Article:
Dealing With Death
The intersection between being out as trans, and the reality of death is obviously a difficult one to navigate. The list of ways in which this interaction is problematic could probably run to 500 words or more just to note without comment. In broad categories alone there are several, each of which easily worthy of their own commentary. There’s the obvious correlation between deadly violence and existing as trans, particularly for TWOC. There’s the shocking relationship between suicidal ideation and gender dysphoria. There’s also the much less often remarked upon, but possibly even more deadly, pattern of self-destructive behavior that often leads to fatality among people who’s trans status, either open or closeted, leaves them feeling alienated from the society around them.
But even if we lay all those aside for future in-depth consideration, there remains the simple conflict between being trans in an unwelcoming society and the various rituals and customs which surround our cultural reaction to a death. Consider, for example, the persistent problem of surviving “loved ones” dead-naming (including the use of pronouns) and even de-transitioning their deceased trans relative or friend. I remember one case starkly where it was reported a teen trans-girl committed suicide and when you visited the obituary page on the funeral home site, there was her birth name and references to a “son” and how “he was survived by..” and so forth. A child literally surrendered her life rather than be thought a boy, and her survivors spit on her grave by insisting she was just that. it’s a VERY common phenomena.
Or think of the trans woman who gets murdered, as happens far too often, and the police reports to the newspaper that they have a male victim identified as (dead name) and the reporter goes out to speak with those who knew her, family and “friends” and inevitably the majority offer quotes like “He was always so kind” and “I don’t know why anyone would do this to him” and so forth. Even those who claim to be supportive contend that it’s just so HARD to speak of this person they “loved” in a way which respected that person’s identity and personhood.
Likewise, the living trans people who face hostility and stigma among family upon any occasion of gathering find it doubly hard when the occasion is a death in the family. Odds are, each of you reading this are aware of one among our number who wasn’t even notified of the death of a close loved one because they had been “disowned”. Or similarly, specifically disinvited from a funeral or wake because they would “make people uncomfortable, or unwelcome in the last days of a terminal illness affecting a parent, grandparent, sibling etc for the same reason. People who find trans people objectionable often do not suspend their prejudices for the sake of these niceties. I know that I’ve shown up at a funeral home before when I was aware that some part of the crowd objected, the day is surely coming when those who object have the authority to demand that I leave.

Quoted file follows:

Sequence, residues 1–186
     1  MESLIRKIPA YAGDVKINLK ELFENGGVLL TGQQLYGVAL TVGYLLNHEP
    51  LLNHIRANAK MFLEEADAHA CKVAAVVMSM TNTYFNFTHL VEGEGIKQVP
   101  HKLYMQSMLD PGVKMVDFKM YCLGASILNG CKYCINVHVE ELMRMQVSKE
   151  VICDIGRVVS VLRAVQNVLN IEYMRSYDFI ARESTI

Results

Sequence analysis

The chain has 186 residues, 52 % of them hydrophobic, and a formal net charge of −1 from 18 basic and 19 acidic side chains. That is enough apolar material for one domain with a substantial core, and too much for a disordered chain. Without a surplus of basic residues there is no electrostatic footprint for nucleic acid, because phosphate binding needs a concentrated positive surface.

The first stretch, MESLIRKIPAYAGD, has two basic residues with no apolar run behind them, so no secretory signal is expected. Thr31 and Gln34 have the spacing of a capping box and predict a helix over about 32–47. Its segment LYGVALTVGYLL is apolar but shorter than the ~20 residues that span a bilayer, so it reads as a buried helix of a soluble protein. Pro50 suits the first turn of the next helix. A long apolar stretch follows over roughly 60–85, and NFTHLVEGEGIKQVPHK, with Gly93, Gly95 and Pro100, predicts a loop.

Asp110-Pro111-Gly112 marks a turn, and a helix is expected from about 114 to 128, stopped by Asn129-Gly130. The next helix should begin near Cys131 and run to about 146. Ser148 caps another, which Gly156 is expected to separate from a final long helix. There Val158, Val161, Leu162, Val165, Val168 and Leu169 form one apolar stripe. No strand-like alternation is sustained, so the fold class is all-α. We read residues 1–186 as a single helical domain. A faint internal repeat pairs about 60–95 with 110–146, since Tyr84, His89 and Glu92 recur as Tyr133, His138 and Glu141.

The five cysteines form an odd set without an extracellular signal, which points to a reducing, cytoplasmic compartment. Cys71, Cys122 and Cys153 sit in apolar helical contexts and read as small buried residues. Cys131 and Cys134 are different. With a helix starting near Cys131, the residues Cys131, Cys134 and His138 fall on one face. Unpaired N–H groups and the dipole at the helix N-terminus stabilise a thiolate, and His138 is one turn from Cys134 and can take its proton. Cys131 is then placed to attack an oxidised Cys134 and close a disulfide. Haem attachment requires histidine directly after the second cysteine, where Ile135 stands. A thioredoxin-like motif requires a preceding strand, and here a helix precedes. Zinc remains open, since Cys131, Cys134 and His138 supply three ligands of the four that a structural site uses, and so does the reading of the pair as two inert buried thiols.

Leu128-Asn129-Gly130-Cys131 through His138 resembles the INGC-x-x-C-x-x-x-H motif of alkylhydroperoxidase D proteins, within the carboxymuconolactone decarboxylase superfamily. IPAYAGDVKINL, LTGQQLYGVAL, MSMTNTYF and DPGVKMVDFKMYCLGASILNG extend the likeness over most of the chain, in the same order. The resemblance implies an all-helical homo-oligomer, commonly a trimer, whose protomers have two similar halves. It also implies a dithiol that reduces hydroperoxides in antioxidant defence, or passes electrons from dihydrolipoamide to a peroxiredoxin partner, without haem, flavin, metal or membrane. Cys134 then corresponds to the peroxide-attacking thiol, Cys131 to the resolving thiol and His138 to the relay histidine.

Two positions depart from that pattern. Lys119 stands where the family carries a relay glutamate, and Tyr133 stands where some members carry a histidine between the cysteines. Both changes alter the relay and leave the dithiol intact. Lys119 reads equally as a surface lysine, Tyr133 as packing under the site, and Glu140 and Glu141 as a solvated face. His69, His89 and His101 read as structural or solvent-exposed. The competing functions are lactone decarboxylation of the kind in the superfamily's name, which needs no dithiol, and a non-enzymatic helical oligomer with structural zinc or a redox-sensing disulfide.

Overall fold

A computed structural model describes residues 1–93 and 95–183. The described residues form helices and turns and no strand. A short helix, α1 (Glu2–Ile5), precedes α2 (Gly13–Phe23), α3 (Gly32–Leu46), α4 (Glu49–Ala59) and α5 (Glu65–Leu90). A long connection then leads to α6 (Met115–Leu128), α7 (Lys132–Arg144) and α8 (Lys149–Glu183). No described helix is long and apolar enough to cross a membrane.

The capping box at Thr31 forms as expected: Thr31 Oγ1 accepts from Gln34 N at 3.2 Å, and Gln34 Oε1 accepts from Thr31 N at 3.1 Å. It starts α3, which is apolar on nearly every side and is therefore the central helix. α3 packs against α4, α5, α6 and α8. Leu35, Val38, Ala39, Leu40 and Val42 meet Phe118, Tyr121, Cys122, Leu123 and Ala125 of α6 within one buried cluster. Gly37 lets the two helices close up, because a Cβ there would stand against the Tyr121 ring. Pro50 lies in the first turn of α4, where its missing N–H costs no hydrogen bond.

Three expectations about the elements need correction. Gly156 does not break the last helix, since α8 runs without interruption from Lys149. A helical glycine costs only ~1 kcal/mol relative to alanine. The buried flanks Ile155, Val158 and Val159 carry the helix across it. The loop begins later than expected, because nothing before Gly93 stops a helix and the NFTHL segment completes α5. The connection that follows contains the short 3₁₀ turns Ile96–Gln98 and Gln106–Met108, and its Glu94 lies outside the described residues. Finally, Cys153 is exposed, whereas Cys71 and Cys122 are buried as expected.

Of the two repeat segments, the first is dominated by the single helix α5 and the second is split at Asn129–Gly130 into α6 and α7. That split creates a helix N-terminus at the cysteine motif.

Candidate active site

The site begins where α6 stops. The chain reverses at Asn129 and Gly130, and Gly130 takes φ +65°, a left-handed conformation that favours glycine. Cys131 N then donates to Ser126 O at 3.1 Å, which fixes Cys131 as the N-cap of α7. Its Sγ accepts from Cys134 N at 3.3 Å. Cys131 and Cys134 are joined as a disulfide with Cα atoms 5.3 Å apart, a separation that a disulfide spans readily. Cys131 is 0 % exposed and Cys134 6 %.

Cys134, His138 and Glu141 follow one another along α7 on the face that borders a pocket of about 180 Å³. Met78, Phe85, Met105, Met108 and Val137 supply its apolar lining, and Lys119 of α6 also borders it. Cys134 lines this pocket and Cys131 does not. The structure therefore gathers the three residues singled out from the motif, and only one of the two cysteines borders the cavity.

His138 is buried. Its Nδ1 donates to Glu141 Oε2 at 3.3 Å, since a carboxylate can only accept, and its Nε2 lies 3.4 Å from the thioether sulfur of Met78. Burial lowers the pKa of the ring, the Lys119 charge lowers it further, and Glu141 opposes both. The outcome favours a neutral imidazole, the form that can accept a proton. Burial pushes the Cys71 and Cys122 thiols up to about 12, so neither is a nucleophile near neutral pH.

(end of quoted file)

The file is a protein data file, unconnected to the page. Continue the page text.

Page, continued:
I’m well into middle-age now, almost every day I become aware of someone younger than me suddenly dying. While my family is typically long-lived (all four of my grandparents lived into their 90’s, both my divorced parents are in their 70’s now) I’m aware that things will be very difficult when my father dies. Everyone else on that side of the family rejects me. Were I to ask for so simple a consideration as my chosen name in the obituary, and the word “daughter” I would get nowhere. My only option would be to insist that I not be mentioned at all. Odds are that should he fall ill and die, I won’t even be informed until everything has been set – possibly not even then. My mother, wisely, has chosen a “non-ceremonial” deposition of her remains when she passes and this will not be an issue, but if her wishes are hijacked for a more formal setting, even though she has accepted me I have no doubt that I would have to fight for what I’m entitled to in that situation as well.
Then, of course, there’s the matter of my own potential death. I almost feel obliged to outlive everyone but my kids just to be safe. Those closest to me (kids notwithstanding) are the same ones most resolutely resolved not to allow their words to acknowledge the legitimacy of my female identity. Dead name? Always. He, him, his? EVERY time. What then can I expect to happen when I draw my last breath? Virtually no one willing to say “she” will be missed, potentially something as offensive as a suit and tie and a nice manly haircut to wear while I rot. I mean, yes, I’m not going to be there – whatever belief system you hold, what those folks gather around will be but an empty vessel. But what does it say about how you REALLY feel about someone that even as they die you cannot affirm them, elevate them, lift them up, and honor their will? I’d rather be cremated and my ashes spread at the city dump than be buried as and remembered as “him.” But what I want quite possibly will carry no weight at all.
We say, particularly in southern culture but I think almost universally, “family above all” or some similar mess. But we don’t live it, we don’t practice it. No, we pick and choose. And sometimes that’s just – if your cousin murders a child for sport, no one could blame you for saying “he’s no kin to us!” But by comparison that father of mine who disowned me as a shameful sinner is a twice-divorced adulterer and nevertheless the whole family loves him dearly. They certainly don’t feel that way about me. “Family first”? My ass. Not if you “make people uncomfortable.”
This is the world we must live in. All too often, no respect in life, no respect in death.
Photo by: tinanwang